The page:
Being faithful to a spouse requires living in community, seeking God daily, and learning from our celibate brothers and sisters.
This summer, my husband and I celebrated two decades of marriage. We’ve been together now almost as long as we’ve been apart—a feat made possible by the fact that we married right out of college.
In the not too distant past, couples who married young laid a foundation for a life together. Cultural, religious, and personal values meant that these “cornerstone” marriages would eventually pass through silver, ruby, and golden anniversaries as a matter of course. Whether the marriage was happy, faithful, or even safe was often beside the point.
By now, however, our cultural views on divorce have changed, as well as our understanding of marriage. Whereas in the past, social and cultural bonds held a marriage in place (sometimes trapping the vulnerable in abusive and dangerous unions), today the weight falls on the individuals. Couples must now want to be together in order to stay together. We’re not asking whether we are happy in our marriages but whether we could be happier outside of them.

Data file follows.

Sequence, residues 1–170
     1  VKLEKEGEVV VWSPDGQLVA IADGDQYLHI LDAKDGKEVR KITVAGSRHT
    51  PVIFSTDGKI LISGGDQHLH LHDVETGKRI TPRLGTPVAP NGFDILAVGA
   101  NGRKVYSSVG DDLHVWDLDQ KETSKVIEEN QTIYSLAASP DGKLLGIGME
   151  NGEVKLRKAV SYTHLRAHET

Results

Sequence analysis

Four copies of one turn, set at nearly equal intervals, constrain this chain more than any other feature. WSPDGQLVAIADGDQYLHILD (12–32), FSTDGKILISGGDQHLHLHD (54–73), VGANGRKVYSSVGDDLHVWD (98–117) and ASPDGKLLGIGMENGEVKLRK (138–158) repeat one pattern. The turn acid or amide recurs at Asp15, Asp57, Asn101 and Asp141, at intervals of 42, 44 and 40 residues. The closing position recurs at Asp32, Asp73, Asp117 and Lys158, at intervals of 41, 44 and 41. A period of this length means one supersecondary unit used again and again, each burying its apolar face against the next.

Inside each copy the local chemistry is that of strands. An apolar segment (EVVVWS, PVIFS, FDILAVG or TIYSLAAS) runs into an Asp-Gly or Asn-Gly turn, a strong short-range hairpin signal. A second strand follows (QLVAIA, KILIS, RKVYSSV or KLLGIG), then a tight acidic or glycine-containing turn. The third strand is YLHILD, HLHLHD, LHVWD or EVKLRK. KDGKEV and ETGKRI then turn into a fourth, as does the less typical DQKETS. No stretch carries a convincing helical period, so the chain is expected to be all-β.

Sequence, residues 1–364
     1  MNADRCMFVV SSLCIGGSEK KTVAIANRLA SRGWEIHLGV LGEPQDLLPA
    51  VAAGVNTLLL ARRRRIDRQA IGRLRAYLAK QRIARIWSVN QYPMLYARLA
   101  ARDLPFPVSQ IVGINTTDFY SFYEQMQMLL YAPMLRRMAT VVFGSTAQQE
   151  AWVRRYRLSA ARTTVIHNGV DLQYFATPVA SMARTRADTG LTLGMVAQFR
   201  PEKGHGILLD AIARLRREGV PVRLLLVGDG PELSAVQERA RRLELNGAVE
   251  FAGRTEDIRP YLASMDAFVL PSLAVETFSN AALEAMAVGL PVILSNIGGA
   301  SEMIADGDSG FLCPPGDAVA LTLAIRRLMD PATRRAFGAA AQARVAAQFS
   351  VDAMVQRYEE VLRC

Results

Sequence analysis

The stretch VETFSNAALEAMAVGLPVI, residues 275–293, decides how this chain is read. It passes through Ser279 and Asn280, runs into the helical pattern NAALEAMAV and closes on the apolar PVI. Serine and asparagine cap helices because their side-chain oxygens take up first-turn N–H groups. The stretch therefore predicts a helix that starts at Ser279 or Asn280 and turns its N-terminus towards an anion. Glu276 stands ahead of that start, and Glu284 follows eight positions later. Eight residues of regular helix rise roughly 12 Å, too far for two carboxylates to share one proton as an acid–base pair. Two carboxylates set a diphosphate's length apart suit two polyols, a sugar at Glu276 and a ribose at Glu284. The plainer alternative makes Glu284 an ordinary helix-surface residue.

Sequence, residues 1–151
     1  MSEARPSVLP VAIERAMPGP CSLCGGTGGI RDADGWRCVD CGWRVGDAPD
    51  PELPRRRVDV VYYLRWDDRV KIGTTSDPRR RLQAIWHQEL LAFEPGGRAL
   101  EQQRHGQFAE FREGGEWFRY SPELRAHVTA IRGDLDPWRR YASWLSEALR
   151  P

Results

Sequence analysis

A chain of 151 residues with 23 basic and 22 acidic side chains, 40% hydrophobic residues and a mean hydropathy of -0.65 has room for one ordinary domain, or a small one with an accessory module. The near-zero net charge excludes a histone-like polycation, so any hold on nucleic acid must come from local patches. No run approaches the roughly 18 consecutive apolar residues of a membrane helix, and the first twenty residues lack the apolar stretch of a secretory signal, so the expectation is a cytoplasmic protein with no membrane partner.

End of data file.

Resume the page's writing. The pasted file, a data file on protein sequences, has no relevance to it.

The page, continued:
To make matters even more difficult, the changing nature of marriage means we expect more from our spouses. Famed relationship therapist Esther Perel notes that we ask the same person to give us belonging and identity, continuity and transcendence, comfort and edge, and predictability and surprise.
“We are asking from one person,” says Perel, ”what once an entire village used to provide.”
And when our expectations are this high, we’ll inevitably be disappointed. Perel calls this conundrum a “crisis of desire,” because in modern marriage, desire plays an outsized role in not only our couplings but in their permanence.
So what are we to do? How do we pursue faithfulness …